The great thing about Friday Questions is I don't have to think of a new subject title. Here are this week's:
Wally starts us off:
A Friday Question based on what Wikipedia says:
Did NBC only allow Ratzenberger to attend Nick Colasanto's funeral in RI since it occurred during the season?
No. As shocking as it is to learn that Wikipedia is wrong, that is incorrect.
There was a funeral for Nick in North Hollywood that I along with the entire cast, and staff attended.
I still miss him. And as wonderful as Woody was, nothing could top Nick as the Coach.
Brian Phillips asks:
Not a lot has been written about the "Cheers" spinoff, "The Tortellis". I noticed you and David Isaacs contributed a script. What was it like working on "The Tortellis"?
Well, David and I were never on staff. The Charles Brothers asked us to write an episode, which we did.
The pilot script by Ken Estin was terrific.
But the spinoff fell into a familiar trap – making second bananas your stars. Nick & Loretta were funny characters but very broad, so they worked well when used sparingly, but on their own they could not carry a show.
I remember David and I meeting with the Charles Brothers to hammer out a story and it took two days. I asked Glen Charles, “What number episode is this?” He said, “Four,” and I said, “If we’re having this much trouble coming up with the fourth episode there are some serious problems with the premise of the series.” He agreed.
And indeed, the show lasted only 13. I don’t have a copy of our episode so I don’t really remember how bad or good it was.
Random memory of THE TORTELLI’S: it was shot at Paramount in front of a live studio audience. And visible from the living room set you could see a swimming pool in the backyard. An actual swimming pool (or at least a great facsimile) was constructed on the stage. For that alone the series should be considered a classic!
From Laura H.:
I have been watching reruns of Barney Miller, a show I loved as a kid. Happily it still stands up. It occurs to me now that virtually all of the action takes place in the squad room - only once or twice throughout the long run of the series did they step out of that setting. Cheers, of course, was the same way, although they left the bar a bit more often.
After reading your recent post about writing sharp dialogue being a lost art, I started wondering about working on shows like Barney Miller and Cheers. Do those static settings make it harder or easier to write for? Clearly you can't slack on character development and dialogue, since the story itself plays out in that one room. (Not that you should ever slack on character development and dialogue!)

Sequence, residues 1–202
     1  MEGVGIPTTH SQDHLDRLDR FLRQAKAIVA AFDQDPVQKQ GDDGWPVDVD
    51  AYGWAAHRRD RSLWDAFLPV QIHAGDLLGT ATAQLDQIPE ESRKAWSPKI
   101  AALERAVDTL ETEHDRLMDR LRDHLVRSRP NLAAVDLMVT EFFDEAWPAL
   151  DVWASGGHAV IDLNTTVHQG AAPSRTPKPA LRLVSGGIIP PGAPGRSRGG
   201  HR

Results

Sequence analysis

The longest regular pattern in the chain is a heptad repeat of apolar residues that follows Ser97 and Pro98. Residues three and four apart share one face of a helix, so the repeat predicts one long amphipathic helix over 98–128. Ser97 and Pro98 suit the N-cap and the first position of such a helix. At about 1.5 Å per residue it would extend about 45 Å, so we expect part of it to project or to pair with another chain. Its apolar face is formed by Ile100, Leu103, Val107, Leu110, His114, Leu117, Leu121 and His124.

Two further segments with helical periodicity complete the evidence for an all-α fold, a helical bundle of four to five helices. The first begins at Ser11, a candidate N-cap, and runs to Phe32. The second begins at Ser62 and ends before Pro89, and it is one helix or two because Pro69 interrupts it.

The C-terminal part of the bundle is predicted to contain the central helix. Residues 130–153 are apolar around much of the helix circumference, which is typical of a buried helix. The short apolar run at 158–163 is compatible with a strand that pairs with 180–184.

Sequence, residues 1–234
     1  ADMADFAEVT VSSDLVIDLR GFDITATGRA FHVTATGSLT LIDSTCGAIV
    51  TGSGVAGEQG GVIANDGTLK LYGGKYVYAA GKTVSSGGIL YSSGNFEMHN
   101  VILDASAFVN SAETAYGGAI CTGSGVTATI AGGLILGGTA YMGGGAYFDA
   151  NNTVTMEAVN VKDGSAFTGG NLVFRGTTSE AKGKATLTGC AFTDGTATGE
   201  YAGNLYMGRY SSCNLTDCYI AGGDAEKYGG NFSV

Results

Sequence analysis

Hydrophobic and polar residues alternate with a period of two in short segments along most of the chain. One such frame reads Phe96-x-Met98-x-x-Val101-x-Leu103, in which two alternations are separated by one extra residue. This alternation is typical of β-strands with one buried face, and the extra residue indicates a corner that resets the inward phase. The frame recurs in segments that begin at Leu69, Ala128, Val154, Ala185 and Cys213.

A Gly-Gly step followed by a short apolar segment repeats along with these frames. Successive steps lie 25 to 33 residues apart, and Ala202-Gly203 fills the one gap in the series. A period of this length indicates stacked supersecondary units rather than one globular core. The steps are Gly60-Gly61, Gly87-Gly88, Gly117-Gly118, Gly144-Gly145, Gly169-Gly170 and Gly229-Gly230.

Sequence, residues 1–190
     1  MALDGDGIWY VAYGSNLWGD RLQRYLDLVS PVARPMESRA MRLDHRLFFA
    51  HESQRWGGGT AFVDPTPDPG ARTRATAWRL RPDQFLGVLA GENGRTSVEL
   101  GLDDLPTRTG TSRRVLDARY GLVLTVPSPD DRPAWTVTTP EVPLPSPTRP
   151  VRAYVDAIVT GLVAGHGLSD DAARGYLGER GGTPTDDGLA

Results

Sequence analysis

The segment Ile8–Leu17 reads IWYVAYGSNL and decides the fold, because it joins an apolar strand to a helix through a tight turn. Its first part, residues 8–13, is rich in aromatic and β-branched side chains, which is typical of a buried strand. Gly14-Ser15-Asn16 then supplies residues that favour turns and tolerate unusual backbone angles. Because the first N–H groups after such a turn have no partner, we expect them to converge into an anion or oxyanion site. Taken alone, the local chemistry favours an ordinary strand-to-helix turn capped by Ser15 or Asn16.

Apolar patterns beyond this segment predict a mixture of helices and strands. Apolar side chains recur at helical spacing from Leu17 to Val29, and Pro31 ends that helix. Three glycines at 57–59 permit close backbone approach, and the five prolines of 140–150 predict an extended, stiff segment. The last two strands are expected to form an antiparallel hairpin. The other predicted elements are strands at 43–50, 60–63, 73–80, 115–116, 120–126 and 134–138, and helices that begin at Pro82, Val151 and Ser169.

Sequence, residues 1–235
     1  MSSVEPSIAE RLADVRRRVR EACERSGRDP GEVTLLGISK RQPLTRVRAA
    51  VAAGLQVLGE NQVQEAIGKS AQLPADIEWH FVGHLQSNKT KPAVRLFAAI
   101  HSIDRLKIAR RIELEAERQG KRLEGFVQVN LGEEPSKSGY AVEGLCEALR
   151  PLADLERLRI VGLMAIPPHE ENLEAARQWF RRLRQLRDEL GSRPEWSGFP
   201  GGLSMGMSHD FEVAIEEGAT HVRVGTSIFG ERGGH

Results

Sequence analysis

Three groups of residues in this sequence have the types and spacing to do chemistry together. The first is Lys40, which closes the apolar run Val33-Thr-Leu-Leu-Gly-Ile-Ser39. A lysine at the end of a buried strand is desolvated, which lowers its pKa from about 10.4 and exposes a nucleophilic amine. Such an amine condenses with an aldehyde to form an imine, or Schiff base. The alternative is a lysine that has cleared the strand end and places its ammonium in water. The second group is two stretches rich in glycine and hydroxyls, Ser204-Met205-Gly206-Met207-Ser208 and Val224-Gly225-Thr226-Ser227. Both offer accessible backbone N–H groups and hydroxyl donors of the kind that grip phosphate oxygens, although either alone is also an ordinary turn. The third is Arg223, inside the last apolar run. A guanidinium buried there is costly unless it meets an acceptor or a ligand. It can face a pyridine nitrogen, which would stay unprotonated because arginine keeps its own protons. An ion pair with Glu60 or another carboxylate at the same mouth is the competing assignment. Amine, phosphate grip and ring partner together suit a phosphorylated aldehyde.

The first season of CHEERS we never left the bar. The first time we deviated from that was the season premier of season two when we went to Diane’s apartment. (Remember all the stuffed animals?)
The problem with never leaving the bar was that anything that happened away from CHEERS had to be told to the audience, and it’s always better to see it.
BARNEY had less of an issue with that because their format was bring in three or four different oddballs and have them interact with the regulars. So all the action was right in front of you.
I personally like shows that basically center in one location, especially if the setting is inviting (like CHEERS). In those shows the emphasis is clearly on the characters, their interaction, and dialogue, and if done well you can really mount a smart show. Also, the location itself almost becomes a character.
And finally, long time friend of the blog, Johnny Walker wonders:
How do you feel about taking the time to write a character's bio before starting writing? I've heard some people swear by it, but others (including Sorkin) consider it a waste of time. I think I fall in the latter camp now. Provided I know what makes the character tick, I don't need to know what school they went (if the character is well defined enough, you should be able to infer it afterwards - in fact things like that should start to become obvious). What do you think, Ken?
For my UCLA students I recommend writing character profiles. It helps them answer the questions – what do these characters want, what’s interesting or unique about them, what’s funny about them, what are their attitudes, and what are their backgrounds? Answers to all of these questions are a must, whether you write out a bio or not.
For myself, I do a modified profile. I’ll list key traits, objectives, and generally try to come up with an actor prototype (although I don’t expect to get him).
So bottom line – is it worth doing? Sure. What could it hurt?
What's your Friday Question?